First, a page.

Today, scientists are going beyond sequencing and manipulating genes, they are building life from scratch. Synthetic biology refers to the design and construction of new biological parts, devices and systems which do not exist in the natural world and to the redesign of existing biological systems to perform specific tasks.
The first synthetic bacterial genome has been achieved. In 2014 a synthetic chromosome in Saccharomyces cerevisiae (the bread and wine yeast) was completed. Progress is being made in various directions: chassis or minimal cells, xenobiology, protocells. Metabolic engineering is now being used to produce bio-based chemicals, plastics and fuels to replace oil-based equivalents. The world’s first synthetic biology food ingredient – vanilla produced by a microbial fermentation – is hitting the market in 2014 also. High-value biopharmaceuticals will follow.
Synthetic biology is a powerful and transformative technique which merges biology and engineering. It opens up enormous scientific, commercial, agricultural and health opportunities. It accords with strategies to overcome grand challenges such as climate change and energy security. But the promise of synthetic biology needs to be better understood, the variety of players involved identified, and their – potentially conflicting – research agendas and business strategies explored.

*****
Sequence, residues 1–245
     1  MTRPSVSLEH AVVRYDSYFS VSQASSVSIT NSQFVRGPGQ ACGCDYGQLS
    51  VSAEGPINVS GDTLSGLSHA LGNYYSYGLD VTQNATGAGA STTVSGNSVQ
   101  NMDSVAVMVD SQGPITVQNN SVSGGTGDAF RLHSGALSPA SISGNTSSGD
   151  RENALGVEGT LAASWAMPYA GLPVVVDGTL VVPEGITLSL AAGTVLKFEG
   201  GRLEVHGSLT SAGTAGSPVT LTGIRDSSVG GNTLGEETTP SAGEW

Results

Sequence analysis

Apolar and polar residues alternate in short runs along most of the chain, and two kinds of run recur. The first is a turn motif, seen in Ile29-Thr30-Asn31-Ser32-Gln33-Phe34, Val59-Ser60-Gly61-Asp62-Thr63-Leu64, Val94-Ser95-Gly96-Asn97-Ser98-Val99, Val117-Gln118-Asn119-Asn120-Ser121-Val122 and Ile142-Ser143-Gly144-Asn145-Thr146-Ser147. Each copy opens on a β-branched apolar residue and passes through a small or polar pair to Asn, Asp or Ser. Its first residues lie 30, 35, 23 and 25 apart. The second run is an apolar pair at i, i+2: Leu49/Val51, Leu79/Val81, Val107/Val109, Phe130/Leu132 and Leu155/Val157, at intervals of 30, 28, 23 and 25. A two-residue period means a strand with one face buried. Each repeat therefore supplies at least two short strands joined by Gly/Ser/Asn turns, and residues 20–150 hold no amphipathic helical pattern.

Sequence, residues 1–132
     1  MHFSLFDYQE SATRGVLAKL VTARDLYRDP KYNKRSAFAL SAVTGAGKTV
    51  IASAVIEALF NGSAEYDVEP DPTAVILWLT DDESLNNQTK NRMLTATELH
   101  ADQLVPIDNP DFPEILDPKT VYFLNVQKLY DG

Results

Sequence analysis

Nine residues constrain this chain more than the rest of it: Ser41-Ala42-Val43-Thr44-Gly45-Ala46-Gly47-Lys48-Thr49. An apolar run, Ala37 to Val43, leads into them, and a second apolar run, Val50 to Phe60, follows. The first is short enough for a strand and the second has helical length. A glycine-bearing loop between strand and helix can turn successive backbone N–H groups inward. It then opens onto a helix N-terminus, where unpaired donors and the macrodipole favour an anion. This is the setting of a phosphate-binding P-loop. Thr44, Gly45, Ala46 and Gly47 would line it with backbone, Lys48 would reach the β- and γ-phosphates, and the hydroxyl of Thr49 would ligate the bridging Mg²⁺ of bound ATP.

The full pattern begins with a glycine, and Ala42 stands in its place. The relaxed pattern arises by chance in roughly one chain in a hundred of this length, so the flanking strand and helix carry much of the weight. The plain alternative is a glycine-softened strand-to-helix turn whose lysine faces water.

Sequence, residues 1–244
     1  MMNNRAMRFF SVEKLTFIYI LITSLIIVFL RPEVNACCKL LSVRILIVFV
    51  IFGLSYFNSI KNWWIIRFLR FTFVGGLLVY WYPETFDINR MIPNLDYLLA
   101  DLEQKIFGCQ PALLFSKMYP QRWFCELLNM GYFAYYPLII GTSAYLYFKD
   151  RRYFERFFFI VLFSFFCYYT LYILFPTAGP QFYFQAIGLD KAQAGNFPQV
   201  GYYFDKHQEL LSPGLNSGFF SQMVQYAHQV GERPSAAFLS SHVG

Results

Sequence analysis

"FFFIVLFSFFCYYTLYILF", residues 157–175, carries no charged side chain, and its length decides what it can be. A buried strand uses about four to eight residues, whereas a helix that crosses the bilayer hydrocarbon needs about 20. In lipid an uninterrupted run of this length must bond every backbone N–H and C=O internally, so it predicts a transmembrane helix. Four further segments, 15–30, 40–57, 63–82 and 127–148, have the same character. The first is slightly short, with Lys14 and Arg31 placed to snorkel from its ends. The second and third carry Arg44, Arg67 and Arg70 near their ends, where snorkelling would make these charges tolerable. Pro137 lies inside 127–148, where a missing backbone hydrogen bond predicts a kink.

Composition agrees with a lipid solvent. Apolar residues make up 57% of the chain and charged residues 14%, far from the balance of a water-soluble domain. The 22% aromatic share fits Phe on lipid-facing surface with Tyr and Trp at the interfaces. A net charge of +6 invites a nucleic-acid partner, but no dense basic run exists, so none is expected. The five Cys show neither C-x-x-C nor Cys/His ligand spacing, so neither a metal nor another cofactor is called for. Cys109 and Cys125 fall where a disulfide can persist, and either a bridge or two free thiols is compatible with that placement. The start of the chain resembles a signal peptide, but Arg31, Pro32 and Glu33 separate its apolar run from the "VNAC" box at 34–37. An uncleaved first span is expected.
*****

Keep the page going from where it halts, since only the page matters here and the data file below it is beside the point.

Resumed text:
Synthetic biology will undoubtedly also raise policy challenges for governments if the maximum benefits are to be realised. These include social, economic, and legal challenges, as well as biosecurity and safety concerns. The OECD is in an ideal position to forge a common understanding in the policy community of the issues to be aware of (research needs, infrastructure, community building, safety and security concerns, regulatory implications, market pathways, public understanding). Moreover, the OECD can launch dialogue to assure that the economic and social benefits of this new technology are responsibly encouraged.